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It's great to talk about electric bill concerns, but hold off on changes for now: Editorial

Posted 8/7/18

We appreciate that Middletown Borough Council is reviewing its policies on how borough residents pay their electric bills.

It is worthwhile to take a look from time to time, although there is a …

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It's great to talk about electric bill concerns, but hold off on changes for now: Editorial

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We appreciate that Middletown Borough Council is reviewing its policies on how borough residents pay their electric bills.

It is worthwhile to take a look from time to time, although there is a specific reason for this discussion. Council Vice President Dawn Knull said she wants to give a break to borough residents being hammered by rising water and sewer bills. An 11.5 percent surcharge was added to the bills of Middletown customers by Suez in April, and more increases are expected in coming years.

Council discussed several issues at its July 17 meeting. Are late fees too high? Is there a better time frame on which residents could pay their bills, to make it easier on them? Will the upcoming change allowing residents to use credit cards for electric bills facilitate more on-time payments? These are worthy questions to ask.

It’s impossible to have everyone pay their bills on time. Some people simply don’t have enough money. Those who don’t pay on time eventually accrue late fee charges, a percentage applied to the current past due amount. As with any such bill, accumulating late fees make it that much harder for the customer to catch up.

One possibility is for the borough to reduce the late fee charge from 10 percent to 5 percent. Maybe 5 percent is a fairer amount.

The problem is that the borough has budgeted for a certain amount of late fee revenue. Cutting the late fee in half would cost the borough about $90,000 in annual revenue, Finance Director Kevin Zartman said, based on the borough getting about $180,000 in late fees over a year.

Is the borough willing to give up that money in the name of being “more fair” to residents?

It’s also possible to add a week into the billing cycle before a bill becomes late, giving residents 21 days to pay instead of 14. Depending on when a resident receives their paycheck, this might help give them more wiggle room.

While it might seem that giving people an option of using a credit card would increase payments, Zartman cautioned that many of the people who have trouble paying don’t have credit cards to begin with. They are using money orders.

Middletown is in the position of having these discussions because it is among 35 boroughs in Pennsylvania that provides electricity to their residents and businesses. Sometime this fall, these boroughs will be looking at coming up with more consistent policies and procedures regarding billing practices, borough Manager Ken Klinepeter told council.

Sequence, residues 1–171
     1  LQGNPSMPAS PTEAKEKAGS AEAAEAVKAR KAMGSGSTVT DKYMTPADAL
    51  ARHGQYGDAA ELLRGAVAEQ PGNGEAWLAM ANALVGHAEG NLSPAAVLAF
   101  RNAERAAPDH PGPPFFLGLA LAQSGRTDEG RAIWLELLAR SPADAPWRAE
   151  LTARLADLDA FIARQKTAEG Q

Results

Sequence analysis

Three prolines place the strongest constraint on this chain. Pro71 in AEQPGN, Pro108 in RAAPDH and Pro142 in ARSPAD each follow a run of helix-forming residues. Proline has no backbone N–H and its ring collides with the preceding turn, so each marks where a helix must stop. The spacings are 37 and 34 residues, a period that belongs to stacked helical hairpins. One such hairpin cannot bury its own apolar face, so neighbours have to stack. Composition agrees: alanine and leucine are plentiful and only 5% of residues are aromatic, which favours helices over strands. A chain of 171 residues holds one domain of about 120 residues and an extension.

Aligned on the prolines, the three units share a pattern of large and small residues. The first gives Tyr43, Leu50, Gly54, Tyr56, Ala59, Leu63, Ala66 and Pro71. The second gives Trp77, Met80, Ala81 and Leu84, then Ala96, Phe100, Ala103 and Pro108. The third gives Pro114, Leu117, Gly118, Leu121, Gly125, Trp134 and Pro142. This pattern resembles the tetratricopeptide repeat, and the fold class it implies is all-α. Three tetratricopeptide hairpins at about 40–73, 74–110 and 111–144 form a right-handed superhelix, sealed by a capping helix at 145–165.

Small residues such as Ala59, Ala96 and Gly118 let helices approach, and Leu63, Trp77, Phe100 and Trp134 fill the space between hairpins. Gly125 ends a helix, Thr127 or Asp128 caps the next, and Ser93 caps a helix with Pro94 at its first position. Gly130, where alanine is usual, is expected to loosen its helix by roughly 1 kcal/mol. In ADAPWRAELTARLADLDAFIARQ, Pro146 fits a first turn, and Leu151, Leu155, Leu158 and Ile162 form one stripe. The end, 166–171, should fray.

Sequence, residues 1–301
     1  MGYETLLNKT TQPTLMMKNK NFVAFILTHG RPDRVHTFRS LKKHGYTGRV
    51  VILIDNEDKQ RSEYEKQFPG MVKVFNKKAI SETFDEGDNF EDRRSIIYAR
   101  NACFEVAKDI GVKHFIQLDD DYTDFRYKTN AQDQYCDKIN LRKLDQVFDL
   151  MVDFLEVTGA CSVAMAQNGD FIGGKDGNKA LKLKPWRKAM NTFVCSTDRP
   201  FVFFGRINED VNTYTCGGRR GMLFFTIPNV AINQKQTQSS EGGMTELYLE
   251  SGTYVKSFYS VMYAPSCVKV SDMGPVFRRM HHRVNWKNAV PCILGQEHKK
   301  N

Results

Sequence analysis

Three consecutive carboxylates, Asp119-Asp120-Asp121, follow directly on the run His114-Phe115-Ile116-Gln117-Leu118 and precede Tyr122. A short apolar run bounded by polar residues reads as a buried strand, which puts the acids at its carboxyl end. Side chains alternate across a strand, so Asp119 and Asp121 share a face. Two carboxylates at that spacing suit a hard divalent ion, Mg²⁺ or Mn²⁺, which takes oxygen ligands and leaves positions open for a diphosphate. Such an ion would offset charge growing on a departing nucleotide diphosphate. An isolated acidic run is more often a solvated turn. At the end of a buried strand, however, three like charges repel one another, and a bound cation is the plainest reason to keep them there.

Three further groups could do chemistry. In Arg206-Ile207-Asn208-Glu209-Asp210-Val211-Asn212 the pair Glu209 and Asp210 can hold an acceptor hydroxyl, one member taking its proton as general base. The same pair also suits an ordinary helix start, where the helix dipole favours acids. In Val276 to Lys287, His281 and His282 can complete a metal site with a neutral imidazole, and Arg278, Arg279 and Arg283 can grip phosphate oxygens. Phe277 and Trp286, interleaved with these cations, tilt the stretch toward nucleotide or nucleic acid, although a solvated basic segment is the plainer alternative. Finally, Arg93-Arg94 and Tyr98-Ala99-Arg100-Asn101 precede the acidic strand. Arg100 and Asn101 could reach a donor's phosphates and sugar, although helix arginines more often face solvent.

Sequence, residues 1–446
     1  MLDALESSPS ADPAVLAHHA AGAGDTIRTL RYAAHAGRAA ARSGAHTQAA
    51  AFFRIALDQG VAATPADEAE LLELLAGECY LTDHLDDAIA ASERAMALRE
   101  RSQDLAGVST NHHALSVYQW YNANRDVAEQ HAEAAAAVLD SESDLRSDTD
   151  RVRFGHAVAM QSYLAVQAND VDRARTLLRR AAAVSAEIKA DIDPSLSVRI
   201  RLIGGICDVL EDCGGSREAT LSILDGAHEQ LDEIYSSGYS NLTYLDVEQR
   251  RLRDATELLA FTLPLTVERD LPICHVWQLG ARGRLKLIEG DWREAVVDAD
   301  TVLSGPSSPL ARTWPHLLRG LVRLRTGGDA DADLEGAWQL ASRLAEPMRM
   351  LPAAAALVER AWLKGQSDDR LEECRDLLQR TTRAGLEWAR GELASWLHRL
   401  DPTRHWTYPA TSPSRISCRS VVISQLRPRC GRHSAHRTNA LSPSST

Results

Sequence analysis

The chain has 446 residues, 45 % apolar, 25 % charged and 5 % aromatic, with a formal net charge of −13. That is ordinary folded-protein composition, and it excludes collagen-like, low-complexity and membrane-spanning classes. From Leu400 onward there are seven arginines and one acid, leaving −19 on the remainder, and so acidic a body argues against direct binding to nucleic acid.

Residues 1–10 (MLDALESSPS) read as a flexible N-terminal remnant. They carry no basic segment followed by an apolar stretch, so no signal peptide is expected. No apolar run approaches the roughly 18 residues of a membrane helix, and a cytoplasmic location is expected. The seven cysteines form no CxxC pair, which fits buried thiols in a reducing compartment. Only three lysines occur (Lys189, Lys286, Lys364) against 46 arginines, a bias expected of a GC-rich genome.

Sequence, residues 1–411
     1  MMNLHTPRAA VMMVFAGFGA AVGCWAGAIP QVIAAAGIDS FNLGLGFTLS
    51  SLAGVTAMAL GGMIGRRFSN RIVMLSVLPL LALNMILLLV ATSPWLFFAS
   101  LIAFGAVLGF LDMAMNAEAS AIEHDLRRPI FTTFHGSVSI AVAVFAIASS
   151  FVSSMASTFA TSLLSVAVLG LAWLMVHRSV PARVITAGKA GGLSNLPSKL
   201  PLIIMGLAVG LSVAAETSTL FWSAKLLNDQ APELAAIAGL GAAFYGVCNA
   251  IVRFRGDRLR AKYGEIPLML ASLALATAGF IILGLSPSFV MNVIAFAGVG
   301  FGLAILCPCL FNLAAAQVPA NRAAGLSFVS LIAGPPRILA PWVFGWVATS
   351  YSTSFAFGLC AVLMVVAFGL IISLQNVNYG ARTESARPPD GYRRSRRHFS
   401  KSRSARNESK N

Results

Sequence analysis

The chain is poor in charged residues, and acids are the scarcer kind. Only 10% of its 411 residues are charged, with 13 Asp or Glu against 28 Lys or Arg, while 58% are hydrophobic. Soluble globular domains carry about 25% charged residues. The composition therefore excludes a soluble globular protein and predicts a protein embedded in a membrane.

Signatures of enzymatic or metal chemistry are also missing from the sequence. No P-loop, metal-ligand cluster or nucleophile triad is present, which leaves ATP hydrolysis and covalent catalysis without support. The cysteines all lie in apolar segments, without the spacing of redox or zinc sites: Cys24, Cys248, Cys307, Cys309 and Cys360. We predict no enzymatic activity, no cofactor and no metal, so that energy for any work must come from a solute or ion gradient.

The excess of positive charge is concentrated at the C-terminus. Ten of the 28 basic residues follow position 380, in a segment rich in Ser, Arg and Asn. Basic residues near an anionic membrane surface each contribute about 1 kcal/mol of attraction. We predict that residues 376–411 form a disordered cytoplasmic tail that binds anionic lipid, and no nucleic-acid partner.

We think the borough should wait until this discussion takes place before making any major policy changes. However, Knull sees urgency in getting something done now. She wants to decrease the late fee to 5 percent and give residents 21 days to pay instead of 14.

“You’ve got to look at these residents first and nobody is. You’re looking at the bottom line of $90,000 that you are losing — what about the residents who are posting online that they can’t afford their bills?’’

We appreciate the passion Knull is showing on this issue. But we urge the council to wait until the 35 boroughs meet, in hopes of some best practices coming to light.

Council again will discuss the subject of electric billing policies and procedures during its Aug. 21 work session.

If the council decides to take action now, before the 35 boroughs get together, we suggest we do what Mayor James H. Curry III put forth. He proposed giving residents the added week to pay their bill before it becomes late, but to keep the late fee at 10 percent until any impact of the credit card change is seen.

If you have strong feelings about this issue and ways to address it, contact a council member. Their contact information is listed at the bottom. If you have time, please attend the council meeting on Aug. 8 or Aug. 21 and add your thoughts about this matter. Expressing your views to your elected officials in a respectful way is the foundation to our democracy.

Whatever the outcome, these are the types of issues our council should keep an eye on. We appreciate their diligence.

Middletown officials

Mayor James H. Curry III: 463 N. Union St. Middletown, PA 17057. 610-533-4751. jameshcurryiii@gmail.com.

Council President Damon Suglia: 717-979-9457, dsuglia@middletownborough.com.

Council Vice President Dawn Knull: 717-497-1302, dmknull73@gmail.com.

Angela Lloyd: 717-712-6781, alloyd@middletownborough.com.

Jenny Miller: 717-574-6716, jmiller@middletownborough.com.

Ian Reddinger: 717-350-5555.

Robert Reid: 717-944-4764, raiderblue17@aol.com.

Mike Woodworth: 717-919-4805, mwoodworth@middletownborough.com.